Definition: A packet is one unit of binary data capable of being routed through a computer network. To improve communication performance and reliability, each message sent between two network devices is often subdivided into packets by the underlying hardware and software.
Depending on the protocol(s) they need to support, packets are constructed in some standard packet format. Packet formats generally include a header, the body containing the message data (also known as the payload), and sometimes a footer (also known as the trailer). The packet header lists the destination of the packet (in IP packets, the destination IP address) and often indicates the length of the message data. The packet footer contains data that signifies the end of the packet, such as a special sequence of bits known as a magic number. Both the packet header and footer may contain error-checking information.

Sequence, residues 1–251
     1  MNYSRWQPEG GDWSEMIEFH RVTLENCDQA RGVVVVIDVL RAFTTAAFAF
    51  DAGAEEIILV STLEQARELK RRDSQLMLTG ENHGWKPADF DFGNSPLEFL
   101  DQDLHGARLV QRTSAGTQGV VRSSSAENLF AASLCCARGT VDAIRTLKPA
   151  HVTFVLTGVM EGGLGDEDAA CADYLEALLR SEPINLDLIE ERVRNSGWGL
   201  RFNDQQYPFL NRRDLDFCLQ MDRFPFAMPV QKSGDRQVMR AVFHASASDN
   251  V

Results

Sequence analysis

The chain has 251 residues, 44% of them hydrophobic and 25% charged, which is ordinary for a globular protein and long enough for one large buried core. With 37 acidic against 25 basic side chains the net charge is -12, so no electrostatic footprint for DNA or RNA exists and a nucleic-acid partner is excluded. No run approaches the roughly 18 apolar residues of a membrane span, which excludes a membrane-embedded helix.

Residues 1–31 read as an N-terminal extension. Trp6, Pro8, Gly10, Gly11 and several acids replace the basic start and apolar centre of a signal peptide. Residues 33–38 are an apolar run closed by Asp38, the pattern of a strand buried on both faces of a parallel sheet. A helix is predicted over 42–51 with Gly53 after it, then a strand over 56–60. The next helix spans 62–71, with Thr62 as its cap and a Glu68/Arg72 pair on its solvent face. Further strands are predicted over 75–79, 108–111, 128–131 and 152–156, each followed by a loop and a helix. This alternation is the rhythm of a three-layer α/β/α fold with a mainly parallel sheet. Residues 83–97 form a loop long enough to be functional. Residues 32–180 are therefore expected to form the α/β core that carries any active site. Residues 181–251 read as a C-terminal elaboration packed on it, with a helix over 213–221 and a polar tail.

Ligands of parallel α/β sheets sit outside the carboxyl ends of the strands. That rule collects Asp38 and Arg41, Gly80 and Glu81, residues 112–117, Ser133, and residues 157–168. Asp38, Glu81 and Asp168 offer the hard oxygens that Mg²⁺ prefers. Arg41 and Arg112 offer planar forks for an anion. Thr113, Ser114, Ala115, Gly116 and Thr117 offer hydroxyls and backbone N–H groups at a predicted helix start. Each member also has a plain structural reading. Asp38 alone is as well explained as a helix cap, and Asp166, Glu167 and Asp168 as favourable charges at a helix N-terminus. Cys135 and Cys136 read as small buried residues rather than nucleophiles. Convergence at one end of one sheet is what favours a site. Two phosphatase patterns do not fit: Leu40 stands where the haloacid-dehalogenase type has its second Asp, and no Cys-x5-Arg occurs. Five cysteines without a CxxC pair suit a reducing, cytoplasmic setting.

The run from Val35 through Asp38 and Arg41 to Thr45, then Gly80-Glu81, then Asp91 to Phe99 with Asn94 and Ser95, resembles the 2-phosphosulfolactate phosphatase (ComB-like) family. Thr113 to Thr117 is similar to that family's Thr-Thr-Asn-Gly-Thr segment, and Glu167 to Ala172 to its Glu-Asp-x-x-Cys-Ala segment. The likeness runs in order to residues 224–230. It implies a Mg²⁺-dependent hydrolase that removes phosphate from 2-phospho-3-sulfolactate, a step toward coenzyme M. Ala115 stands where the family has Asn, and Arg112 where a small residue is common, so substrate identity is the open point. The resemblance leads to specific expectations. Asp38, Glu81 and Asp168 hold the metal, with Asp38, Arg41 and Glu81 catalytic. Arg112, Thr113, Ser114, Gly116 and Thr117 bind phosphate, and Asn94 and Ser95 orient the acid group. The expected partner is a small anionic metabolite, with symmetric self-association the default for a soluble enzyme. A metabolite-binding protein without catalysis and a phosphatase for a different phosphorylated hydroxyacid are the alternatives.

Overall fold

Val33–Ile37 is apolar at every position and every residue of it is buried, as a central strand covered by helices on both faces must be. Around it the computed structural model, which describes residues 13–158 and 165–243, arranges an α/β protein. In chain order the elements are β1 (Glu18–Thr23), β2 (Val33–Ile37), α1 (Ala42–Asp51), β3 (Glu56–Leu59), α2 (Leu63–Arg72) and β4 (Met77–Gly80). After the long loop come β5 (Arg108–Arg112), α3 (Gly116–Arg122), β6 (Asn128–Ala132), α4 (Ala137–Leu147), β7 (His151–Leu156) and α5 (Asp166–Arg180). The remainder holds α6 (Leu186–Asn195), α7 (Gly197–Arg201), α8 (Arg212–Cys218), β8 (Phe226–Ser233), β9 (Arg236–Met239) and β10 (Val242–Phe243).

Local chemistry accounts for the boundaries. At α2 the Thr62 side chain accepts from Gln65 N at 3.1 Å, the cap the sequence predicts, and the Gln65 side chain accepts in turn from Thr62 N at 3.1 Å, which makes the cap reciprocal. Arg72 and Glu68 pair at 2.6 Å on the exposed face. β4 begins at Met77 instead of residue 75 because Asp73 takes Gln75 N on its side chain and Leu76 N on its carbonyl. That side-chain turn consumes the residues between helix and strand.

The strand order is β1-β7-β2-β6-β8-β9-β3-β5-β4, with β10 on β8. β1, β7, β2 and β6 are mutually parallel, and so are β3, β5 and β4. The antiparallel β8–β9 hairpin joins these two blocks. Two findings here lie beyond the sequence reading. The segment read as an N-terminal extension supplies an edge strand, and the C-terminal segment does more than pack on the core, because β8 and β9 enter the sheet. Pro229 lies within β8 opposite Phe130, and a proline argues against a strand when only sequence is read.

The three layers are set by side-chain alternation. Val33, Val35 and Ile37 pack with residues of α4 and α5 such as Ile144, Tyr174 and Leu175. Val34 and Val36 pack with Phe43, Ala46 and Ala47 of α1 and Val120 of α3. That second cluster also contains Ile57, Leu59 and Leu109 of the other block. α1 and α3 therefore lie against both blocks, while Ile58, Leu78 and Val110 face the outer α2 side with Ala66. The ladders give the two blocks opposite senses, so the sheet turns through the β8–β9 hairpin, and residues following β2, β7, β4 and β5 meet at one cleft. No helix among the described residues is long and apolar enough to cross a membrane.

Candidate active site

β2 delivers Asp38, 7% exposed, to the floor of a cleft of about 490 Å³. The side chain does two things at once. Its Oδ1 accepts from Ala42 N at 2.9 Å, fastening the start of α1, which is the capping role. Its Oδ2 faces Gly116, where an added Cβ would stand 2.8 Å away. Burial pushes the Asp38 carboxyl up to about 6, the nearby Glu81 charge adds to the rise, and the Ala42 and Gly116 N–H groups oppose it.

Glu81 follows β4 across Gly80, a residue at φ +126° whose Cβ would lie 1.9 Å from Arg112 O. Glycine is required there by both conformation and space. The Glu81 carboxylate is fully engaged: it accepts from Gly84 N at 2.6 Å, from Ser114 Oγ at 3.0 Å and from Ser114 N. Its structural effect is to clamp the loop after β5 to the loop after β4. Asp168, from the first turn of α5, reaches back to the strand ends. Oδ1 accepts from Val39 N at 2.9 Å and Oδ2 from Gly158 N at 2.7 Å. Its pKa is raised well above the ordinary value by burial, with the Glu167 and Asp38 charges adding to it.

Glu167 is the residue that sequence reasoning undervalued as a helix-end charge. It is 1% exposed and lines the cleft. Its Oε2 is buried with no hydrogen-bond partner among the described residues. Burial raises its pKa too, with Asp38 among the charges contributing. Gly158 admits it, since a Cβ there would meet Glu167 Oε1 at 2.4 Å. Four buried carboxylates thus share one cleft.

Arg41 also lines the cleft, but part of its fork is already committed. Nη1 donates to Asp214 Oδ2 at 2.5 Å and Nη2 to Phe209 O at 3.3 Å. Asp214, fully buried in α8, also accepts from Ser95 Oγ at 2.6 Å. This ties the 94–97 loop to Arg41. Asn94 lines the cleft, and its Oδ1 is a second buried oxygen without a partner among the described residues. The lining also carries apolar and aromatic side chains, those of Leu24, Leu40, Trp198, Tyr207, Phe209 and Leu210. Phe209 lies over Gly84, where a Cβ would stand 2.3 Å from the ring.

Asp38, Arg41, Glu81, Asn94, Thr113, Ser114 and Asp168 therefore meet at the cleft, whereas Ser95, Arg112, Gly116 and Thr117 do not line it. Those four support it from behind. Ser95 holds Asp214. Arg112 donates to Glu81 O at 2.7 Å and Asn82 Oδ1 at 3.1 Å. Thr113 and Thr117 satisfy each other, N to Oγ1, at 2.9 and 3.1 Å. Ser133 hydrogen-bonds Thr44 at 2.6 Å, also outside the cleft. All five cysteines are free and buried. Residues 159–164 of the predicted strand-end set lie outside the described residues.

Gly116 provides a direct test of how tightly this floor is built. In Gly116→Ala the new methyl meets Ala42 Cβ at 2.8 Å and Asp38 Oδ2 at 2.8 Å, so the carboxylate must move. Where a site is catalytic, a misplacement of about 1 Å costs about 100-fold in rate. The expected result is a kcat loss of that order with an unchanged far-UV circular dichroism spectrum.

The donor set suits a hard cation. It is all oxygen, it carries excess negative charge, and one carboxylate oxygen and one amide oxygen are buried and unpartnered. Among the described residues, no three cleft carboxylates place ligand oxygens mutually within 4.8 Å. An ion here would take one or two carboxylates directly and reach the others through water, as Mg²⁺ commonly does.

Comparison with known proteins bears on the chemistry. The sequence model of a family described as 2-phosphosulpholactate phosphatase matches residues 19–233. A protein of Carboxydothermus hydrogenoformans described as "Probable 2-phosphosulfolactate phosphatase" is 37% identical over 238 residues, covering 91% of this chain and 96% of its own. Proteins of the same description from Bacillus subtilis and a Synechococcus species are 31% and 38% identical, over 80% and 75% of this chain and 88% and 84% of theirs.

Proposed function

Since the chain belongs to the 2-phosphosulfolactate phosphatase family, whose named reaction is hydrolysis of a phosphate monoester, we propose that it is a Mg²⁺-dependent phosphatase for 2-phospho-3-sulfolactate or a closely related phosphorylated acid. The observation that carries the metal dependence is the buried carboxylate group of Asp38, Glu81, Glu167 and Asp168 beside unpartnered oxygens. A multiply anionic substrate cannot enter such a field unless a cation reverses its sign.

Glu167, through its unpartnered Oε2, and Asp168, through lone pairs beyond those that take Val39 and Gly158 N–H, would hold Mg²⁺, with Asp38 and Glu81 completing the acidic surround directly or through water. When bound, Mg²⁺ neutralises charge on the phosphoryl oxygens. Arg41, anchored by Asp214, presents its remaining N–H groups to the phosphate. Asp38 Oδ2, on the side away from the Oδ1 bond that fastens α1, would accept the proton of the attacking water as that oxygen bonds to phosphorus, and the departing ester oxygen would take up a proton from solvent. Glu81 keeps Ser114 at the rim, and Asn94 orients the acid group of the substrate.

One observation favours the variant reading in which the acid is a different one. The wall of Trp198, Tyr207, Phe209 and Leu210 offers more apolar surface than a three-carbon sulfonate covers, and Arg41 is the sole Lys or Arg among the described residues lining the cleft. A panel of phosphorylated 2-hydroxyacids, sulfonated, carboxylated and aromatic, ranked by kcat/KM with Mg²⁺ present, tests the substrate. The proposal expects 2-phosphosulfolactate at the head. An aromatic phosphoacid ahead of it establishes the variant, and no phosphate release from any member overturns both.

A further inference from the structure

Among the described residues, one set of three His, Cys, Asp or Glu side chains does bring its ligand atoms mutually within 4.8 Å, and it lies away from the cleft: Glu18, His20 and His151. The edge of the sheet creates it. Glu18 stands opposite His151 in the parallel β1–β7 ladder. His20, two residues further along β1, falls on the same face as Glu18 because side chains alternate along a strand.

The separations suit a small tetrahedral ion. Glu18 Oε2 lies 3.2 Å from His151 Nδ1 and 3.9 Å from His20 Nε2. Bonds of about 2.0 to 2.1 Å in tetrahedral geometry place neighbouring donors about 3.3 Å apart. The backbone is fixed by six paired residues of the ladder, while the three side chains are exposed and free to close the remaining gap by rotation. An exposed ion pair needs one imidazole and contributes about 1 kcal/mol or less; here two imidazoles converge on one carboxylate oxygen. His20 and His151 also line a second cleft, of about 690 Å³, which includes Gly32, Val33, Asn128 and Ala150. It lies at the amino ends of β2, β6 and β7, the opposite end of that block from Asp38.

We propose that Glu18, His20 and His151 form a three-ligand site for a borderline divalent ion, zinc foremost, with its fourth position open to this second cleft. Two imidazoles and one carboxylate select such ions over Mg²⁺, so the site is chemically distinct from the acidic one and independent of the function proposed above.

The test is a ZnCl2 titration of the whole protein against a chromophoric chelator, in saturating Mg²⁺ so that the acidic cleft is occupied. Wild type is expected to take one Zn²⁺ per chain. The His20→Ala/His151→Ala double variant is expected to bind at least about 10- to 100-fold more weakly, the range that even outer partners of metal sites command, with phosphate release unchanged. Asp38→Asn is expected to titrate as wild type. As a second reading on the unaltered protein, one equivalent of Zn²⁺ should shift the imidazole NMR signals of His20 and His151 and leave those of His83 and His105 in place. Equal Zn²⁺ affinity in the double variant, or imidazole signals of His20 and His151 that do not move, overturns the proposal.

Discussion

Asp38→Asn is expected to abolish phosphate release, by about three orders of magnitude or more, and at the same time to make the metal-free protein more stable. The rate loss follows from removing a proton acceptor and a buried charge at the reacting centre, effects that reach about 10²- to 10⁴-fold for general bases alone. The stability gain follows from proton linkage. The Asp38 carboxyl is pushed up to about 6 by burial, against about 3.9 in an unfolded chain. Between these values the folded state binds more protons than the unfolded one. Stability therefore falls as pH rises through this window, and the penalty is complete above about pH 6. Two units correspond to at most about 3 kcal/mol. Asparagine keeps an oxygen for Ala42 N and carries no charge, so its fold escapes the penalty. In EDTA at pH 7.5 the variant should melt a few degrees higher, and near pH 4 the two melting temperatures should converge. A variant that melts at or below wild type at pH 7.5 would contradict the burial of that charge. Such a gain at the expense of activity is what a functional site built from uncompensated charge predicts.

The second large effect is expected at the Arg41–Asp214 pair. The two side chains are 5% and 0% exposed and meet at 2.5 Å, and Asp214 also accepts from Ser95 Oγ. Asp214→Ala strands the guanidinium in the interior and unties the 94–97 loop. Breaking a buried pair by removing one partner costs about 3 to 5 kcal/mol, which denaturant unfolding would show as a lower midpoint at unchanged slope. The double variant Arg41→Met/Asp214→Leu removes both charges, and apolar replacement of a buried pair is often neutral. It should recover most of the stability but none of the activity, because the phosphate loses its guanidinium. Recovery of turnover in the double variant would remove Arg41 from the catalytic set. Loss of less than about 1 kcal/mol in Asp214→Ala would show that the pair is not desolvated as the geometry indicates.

The receiving device is responsible for re-assembling individual packets into the original message, by stripping off the headers and footers and concatenating packets in the correct sequence.
Also Known As: datagram
User Datagram Protocol
Introduction to the User Datagram Protocol including a detailed description of the UDP packet format.